Return to Civilian Life

KPC member return to civil life
Former KPC member, Hasan Azemi, returns successfully to civilian life

Hasan Azemi works as the head of the logistics section in the Kosovo Centre for Public Safety Education and Development located in Vushtrri/Vucitrn. He supervises 30 staff and is in charge of about 40 buildings that are part of the Centre. But the resettlement story goes back to his days in the Kosovo Protection Corps (KPC). After years serving as the leader of the supply section, and following the dissolution of the KPC, he decided he wanted to continue working. By opting for the job placement scheme, costs for his first six months at the Centre were covered through the Resettlement Programme. Whilst initially hired as head of the transport section during the regular trial period, his excellent performance enabled him to become head of the section in early 2011.

Being successful at the office was not sufficient, however. Azemi contacted his counsellor to inquire about possibilities within the Resettlement Programme to benefit from additional training in order to upgrade his position within the Centre. His request was approved and he enrolled in a 4-month after-work course to acquire new skills in Windows, Excel, and Word, succeeding in passing all four subjects. The reward: a considerable promotion to the post of head of the logistics section. “If I knew that the training would be so useful to me I would have started much earlier,” Azemi says, after thanking the Resettlement Programme for providing him with a wide range of opportunities throughout his resettlement.

Highlights

  • 1463 people from an outdated organisation, funded publicly have transferred smoothly to the civilian sector and over 95% of them have secure and profitable livelihoods.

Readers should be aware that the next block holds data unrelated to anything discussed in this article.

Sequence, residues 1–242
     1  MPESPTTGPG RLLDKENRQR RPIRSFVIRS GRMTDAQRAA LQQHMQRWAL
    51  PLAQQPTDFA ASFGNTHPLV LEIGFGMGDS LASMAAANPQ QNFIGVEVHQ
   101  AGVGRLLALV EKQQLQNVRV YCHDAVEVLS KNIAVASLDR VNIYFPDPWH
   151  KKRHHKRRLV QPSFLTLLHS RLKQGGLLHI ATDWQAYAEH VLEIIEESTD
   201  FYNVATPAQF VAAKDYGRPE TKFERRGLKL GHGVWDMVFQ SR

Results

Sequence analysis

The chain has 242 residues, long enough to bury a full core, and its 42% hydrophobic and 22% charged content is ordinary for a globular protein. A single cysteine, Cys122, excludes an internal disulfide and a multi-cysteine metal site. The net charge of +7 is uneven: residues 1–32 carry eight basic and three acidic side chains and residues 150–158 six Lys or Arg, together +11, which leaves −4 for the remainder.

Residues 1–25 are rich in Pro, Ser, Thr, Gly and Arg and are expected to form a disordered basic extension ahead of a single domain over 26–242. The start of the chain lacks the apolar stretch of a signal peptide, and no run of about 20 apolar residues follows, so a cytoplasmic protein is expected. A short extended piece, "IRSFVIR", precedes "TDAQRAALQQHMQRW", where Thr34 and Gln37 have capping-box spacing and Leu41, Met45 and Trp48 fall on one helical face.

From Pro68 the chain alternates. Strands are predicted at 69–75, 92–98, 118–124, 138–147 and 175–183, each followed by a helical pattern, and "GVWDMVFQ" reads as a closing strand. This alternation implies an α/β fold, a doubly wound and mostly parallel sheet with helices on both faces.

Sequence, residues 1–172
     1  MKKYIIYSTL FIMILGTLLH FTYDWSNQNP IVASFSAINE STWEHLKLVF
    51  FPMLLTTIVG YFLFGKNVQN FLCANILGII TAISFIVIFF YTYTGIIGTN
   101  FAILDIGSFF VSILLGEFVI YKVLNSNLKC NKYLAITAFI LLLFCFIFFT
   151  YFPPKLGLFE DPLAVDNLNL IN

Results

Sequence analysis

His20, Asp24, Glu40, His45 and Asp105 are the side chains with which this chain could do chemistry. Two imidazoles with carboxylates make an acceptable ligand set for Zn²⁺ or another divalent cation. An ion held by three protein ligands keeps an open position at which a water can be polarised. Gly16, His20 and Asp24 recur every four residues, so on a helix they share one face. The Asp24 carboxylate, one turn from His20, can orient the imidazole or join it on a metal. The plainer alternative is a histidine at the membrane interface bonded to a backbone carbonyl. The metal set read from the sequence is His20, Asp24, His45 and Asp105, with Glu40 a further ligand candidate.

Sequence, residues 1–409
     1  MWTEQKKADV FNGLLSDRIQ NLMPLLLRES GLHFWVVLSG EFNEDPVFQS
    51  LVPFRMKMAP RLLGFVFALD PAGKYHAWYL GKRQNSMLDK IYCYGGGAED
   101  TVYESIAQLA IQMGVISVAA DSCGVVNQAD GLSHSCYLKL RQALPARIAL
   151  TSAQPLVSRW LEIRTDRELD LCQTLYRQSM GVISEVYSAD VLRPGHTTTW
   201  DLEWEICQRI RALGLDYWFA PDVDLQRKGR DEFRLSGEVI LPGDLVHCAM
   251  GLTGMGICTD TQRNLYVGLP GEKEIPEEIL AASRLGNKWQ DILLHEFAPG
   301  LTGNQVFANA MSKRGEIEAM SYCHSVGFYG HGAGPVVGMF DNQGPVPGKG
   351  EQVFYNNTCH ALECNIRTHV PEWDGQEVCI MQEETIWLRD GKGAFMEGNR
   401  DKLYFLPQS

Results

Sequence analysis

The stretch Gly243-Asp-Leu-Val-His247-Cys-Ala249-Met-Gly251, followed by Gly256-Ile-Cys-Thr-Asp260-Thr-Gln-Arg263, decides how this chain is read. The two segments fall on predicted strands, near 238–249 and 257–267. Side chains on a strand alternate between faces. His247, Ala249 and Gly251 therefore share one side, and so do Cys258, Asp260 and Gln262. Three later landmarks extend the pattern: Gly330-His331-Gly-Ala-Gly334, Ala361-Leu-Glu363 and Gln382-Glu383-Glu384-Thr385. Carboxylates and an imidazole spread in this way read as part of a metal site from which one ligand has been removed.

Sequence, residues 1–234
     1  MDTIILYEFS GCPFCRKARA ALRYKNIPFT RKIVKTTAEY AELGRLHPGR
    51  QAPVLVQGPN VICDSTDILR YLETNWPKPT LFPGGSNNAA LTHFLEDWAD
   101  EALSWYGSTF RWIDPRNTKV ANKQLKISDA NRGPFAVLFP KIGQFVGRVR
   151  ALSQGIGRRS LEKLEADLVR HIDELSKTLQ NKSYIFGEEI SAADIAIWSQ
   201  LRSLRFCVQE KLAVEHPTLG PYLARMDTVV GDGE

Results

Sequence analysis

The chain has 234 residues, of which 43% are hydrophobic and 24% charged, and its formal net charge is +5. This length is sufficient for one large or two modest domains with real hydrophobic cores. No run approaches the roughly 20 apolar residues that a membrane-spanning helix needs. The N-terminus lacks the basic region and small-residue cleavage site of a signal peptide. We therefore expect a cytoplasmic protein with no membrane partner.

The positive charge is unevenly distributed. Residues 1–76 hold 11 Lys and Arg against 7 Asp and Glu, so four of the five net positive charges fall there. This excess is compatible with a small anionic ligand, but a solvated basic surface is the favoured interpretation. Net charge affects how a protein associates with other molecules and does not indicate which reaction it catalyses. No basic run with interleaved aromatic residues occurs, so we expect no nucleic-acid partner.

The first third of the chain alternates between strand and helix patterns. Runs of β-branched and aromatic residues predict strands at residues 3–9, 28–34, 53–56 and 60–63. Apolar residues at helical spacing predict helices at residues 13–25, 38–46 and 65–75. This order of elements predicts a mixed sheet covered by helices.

• $17 million budget has been invested in individuals and in local economies
  • . Of the total number of KPC Personnel eligible for the Programme, 42 were women and 74 were minorities

The reintegration programme was designed by a UNDP Preparatory Assistance Team which was funded by BCPR. This team, in cooperation with major national and international stakeholders including the North Atlantic Treaty Organisation (NATO), then implemented the Programme with funding from a $17 million NATO Trust Fund, established with donations from ten different countries. The programme was called the KPC Resettlement Programme because the ex-KPC members were already well established in their communities and the emphasis was on economic reintegration and orientation to life without a uniform.

The individual relationships between beneficiaries and counsellors helped build up trust which turned a hostile, sceptical and angry caseload at the start of the Programme into a forward looking, confident and positive group of people as the Programme went on. This started with initial consultations and then the Orientation Training which was attended by 1460 of the 1467 eligible personnel. The vast majority (1384) of beneficiaries then opted for business assistance and 70% of these were in the field of agriculture, largely because they already owned land and wished to develop their activities, whilst looking for employment through their own contacts. The business training which was completed by 1384 beneficiaries was particularly commended by the caseload. Of the total number of KPC Personnel eligible for the Programme, 42 were women and 74 were minorities.